path to stellar model file ("system path to file")

Sets the path to the file with the stellar spectrum. If chosen blackbody for the stellar irradiation this parameter is irrelevant.

name (name; only your imagination limits this input)

The output files will begin with this string.

number of run-in timesteps (number; typically 0)

Number of iteration steps before the temperature starts to evolve. Usually used only for video producing purposes. This is still an experimental feature.

artificial shortw. opacity (number; typically 0)

For exploration of the effects of additional shortwave absorption there is the possibility to add artifcial opacity for wavelengths < 1 micron. This opacity acts as a continuum absorption at the given value.

realtime plotting (yes/no)

This parameter activates a realtime plotting routine showing the evolution of the TP-profile during the temperature iteration process. This parameter is irrelevant if "post-processing only" is activated.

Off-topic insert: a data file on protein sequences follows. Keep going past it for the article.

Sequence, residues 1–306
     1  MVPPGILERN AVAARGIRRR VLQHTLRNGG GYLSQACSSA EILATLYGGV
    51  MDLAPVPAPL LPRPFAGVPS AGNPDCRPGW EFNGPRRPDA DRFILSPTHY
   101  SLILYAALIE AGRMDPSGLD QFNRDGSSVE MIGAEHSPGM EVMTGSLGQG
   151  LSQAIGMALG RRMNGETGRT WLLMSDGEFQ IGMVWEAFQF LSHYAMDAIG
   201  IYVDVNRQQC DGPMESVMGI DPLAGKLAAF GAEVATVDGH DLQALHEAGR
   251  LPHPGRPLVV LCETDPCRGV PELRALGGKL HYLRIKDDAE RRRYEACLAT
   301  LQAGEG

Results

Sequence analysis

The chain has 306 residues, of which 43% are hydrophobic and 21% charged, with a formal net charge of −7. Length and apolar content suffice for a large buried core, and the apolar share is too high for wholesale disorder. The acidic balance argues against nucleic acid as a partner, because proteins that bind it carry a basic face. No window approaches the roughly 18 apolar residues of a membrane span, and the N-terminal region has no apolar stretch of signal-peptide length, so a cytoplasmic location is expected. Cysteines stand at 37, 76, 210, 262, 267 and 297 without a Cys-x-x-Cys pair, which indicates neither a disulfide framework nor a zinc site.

Recommended settings

Here are some recommended settings specifically for the following purposes.

Temperature iteration
isothermal layers = no
pre-tabulate = yes
post-processing only = no
restart temperatures = no
varying timestep = yes
Spectrum generation (post-processing only)
isothermal layers = yes
pre-tabulate = no
post-processing only = yes
restart temperatures = yes

8. K-table Generator

The provided k-table generator is a (optional) tool that converts the HELIOS-K output to an opacity table (k-table), which can be used in HELIOS.


Run the file with Python. For example, in the ktable directory type into your console/terminal

python .


HELIOS-K Output Format

You need to use the standard output format of HELIOS-K. For a suite of HELIOS-K calculations applied to a grid of temperatures and pressures you set in the param.dat file (in the HELIOS-K directory) the parameters "doResampling" = 1 and "ReplaceFile" = 0. Doing this, you obtain one(!) Info_*_.dat and one(!) Out_*_cbin.dat for each molecule. These two files can be read by the k-table generator.